Carbonite is an automated online backup service that is in the business of pleasing anyone who needs a computer backed up but who hates remembering to do it (that would be most of us). I’ve been giving the service a trial run for the last few days via the company’s two week free trial. Though there may be a couple of features I’d like to see implemented, the company’s mantra of “Backup. Simple.” definitely holds true.
Here’s how it works: You sign up through Carbonite’s website, a simple process with no credit card required for the free trial. Afterward, it asks you to download and install the software, which runs in your system tray (the little area by the clock in the lower right-hand corner). Of course, I was skeptical at first, never wanting to add anything to my computer that’s a service running in the background. The last thing I need is one more piece of software trying to clog up my system resources and slow down my computer.
But the truth is, I noticed no slow down whatsoever. The software first asks you what you’d like backed up with three simple choices of My Documents, Everything, or Let Me Choose. It then waits for five minutes of inactivity before beginning the back up process. So when you’re at lunch or away from your desk, your latest documents are being backed up. But as soon as you start using your computer again, the service immediately pauses itself and waits for inactivity before continuing.
The first backup takes the longest, of course. It’s recommended that you leave your computer on overnight for a couple days so that Carbonite has plenty of inactivity time to backup up your gigabytes of data. I chose to backup about 10 gigabytes of data and averaged 3 gigabytes per day with my computer running overnight for the last few days. The best part is that Carbonite has no limitation on backup size, which is its most notable advantage over the competition. For only $5 per month (or the less expensive $50 per year), you can back as much data as you please from any one computer (you have to pay for the service per computer).
For the security conscious, take comfort in the fact that all files are encrypted before they leave your PC and are sent via an SSL link (the same secure connection used by most major online retailers to protect your credit card info during purchases).
At any time, you can check the status of any file you have scheduled for backup just by looking at it in My Computer or Windows Explorer. Files that have the latest version backed up have a green dot on them whereas files with a yellow dot mean they are pending backup. Restoring files is simple as well. A new “virtual drive” is added in My Computer that allows you to browse your online folders and files. If you want to restore one, simply right click and click restore. Or if your computer crashes and you need to restore all your files to a new computer, click on the restore tab on Carbonite’s website to login online and restore your data to the new computer.
As for the logistics of how the backup works, to quote the site’s “technical” FAQ, “When Carbonite detects that a file has been modified, it checks to make sure that the file has remained unchanged for 10 minutes before the file is made eligible for backup. By default, a modified file is backed up only once every 24 hours in order to give users the opportunity to restore the previous version if necessary. So, for example, if you modify a file and save it, Carbonite will wait 10 minutes and then backup the modified file. If you then modify the file again, Carbonite may wait up to 24 hours before backing up the file again. Our policy is that your backup will always be current within 24 hours…Yes, you can cause Carbonite to immediately backup any file. Right click on the file you want to back up and select ‘Backup as soon as possible.'”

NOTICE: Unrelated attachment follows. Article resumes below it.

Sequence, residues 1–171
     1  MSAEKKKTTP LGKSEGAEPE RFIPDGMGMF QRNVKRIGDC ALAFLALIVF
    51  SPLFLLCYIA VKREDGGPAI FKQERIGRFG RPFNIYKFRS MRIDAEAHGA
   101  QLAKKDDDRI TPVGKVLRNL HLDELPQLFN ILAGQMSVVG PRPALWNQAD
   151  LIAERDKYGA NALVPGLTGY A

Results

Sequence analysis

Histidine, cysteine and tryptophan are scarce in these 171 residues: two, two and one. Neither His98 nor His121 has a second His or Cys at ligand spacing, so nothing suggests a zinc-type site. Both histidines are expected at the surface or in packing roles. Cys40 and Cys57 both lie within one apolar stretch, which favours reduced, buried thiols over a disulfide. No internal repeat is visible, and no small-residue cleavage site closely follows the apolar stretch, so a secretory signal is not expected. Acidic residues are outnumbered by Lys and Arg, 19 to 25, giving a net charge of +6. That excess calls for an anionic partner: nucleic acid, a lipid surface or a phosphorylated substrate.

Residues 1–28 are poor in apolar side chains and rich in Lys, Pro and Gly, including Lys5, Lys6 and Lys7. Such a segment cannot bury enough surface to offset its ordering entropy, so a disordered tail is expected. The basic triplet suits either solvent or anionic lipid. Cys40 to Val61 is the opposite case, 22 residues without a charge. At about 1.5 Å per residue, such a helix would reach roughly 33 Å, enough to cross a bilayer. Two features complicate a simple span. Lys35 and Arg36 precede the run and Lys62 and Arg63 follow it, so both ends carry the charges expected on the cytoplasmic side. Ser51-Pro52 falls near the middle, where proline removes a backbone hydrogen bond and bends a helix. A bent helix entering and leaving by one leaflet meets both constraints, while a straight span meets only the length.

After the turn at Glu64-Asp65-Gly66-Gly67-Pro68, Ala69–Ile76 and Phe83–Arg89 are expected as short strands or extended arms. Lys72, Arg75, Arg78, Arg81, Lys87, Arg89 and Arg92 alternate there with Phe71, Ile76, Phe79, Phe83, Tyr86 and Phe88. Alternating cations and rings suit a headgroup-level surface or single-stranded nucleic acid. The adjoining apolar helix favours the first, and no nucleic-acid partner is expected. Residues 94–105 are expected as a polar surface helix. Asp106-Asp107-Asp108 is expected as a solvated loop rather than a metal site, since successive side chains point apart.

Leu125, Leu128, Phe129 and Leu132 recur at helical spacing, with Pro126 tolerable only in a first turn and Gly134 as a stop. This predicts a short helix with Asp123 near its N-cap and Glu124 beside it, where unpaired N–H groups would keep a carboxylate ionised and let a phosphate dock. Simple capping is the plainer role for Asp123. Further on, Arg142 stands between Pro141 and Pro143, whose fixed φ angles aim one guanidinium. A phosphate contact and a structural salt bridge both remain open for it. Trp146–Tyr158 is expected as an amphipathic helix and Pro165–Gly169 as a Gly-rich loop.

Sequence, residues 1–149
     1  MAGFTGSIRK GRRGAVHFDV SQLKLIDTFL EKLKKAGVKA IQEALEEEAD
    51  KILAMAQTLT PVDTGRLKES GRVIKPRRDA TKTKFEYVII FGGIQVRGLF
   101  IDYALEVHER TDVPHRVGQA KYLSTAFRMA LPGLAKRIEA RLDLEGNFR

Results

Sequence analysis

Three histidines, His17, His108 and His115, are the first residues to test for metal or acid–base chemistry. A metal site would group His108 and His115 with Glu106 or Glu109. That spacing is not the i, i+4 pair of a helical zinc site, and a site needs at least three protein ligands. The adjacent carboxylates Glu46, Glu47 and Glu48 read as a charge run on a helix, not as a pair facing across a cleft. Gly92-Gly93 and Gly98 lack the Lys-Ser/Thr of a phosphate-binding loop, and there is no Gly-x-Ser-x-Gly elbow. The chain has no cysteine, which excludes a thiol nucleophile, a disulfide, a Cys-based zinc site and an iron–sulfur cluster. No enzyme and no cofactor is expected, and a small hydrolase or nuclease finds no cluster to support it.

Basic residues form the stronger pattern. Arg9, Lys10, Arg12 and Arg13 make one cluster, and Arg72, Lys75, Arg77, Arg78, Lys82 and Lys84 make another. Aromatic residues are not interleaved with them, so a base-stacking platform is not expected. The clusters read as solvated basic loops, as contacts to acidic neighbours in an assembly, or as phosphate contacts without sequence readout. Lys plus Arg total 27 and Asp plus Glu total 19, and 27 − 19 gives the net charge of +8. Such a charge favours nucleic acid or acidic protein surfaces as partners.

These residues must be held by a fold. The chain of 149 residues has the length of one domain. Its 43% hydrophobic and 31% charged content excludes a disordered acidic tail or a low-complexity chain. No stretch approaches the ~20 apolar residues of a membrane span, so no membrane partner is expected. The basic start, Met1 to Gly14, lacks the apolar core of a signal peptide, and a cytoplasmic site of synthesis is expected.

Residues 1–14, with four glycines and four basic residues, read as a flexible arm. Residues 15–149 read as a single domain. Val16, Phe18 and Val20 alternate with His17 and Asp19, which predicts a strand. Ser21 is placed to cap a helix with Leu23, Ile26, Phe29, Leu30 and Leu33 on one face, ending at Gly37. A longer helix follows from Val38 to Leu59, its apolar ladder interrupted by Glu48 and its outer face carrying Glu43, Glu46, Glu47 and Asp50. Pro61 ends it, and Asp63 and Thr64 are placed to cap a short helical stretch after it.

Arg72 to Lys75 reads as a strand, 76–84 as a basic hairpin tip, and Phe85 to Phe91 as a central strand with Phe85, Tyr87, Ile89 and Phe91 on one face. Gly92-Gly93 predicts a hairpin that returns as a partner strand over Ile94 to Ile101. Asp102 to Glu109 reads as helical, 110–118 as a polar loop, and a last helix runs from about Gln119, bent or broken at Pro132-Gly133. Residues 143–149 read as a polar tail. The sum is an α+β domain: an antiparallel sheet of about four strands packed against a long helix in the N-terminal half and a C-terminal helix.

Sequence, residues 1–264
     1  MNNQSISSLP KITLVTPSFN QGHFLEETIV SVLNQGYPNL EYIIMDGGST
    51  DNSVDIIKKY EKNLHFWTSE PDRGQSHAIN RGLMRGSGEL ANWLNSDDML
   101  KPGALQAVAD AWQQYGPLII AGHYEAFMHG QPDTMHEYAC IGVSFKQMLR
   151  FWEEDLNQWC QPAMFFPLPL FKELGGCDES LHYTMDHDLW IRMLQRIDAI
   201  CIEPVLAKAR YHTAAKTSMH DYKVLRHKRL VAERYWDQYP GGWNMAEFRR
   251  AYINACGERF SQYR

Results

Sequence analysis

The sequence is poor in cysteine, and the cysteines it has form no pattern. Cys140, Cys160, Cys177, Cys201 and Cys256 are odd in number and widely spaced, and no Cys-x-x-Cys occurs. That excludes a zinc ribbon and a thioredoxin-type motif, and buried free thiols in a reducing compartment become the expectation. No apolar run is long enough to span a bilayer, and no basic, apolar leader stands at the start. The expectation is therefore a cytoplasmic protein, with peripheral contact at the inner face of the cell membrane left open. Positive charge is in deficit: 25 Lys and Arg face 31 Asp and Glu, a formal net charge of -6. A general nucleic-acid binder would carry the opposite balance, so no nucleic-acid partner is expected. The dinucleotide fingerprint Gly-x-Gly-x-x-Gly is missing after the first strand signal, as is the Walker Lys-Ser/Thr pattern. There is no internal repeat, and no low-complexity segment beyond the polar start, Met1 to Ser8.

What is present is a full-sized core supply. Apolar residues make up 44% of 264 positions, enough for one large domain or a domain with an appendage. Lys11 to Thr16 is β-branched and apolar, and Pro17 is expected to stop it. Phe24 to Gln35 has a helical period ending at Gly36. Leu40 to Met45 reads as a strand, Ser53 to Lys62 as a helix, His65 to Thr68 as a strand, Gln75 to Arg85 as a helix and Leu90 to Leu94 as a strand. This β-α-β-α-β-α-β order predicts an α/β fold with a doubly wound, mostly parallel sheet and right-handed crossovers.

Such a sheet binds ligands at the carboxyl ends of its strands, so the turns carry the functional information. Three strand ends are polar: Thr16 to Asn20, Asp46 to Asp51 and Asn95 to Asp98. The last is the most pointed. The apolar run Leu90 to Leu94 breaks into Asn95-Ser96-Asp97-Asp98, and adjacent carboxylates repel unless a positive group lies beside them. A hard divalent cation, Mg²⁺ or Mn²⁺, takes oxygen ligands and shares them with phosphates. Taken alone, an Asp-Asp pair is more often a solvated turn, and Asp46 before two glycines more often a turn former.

I actually think that’s a fine way to handle most backups. Having my backup current within 24 hours is much better than how it was before! I have one minor issue in that if I want to “opt in” for the “backup as soon as possible” option, I have to click on each file individually. There is no way to make that change globally or even at the folder level. Also, by default, Carbonite doesn’t back up executable files (.exe) or empty folders, which is just fine in most cases (most people just care about actual data). These default options can be changed, but again, it has to be done one file at a time. This issue may only apply to someone like me who likes to fine tune or tweak settings while at the same time not necessarily wanting to micro-manage every single file in the process. The default settings are likely to be a good fit 99% of the time.
Also, though Carbonite does doubly encrypt your data while transferring it to secure servers for backup, the company currently keeps copies of all users’ private encryption keys in its database so that users only need to remember their Carbonite password. The database is “isolated and accessible only to certain Carbonite employees.” In an upcoming free update, Carbonite will offer users the option of storing their own private keys. But then if you lose your key, you’ve lost your data, as the company will have no way to get past its own encryption. There’s no perfect solution here and that’s not Carbonite’s fault. For most of us, a few Carbonite employees potentially having access to our vacation pics is probably not a big deal.
Again, these are very minor quibbles that I point out just for the benefit of readers being aware. All in all, this is one of the best backup services I have found to date. I liked it enough to advertise it on Computers.net for awhile.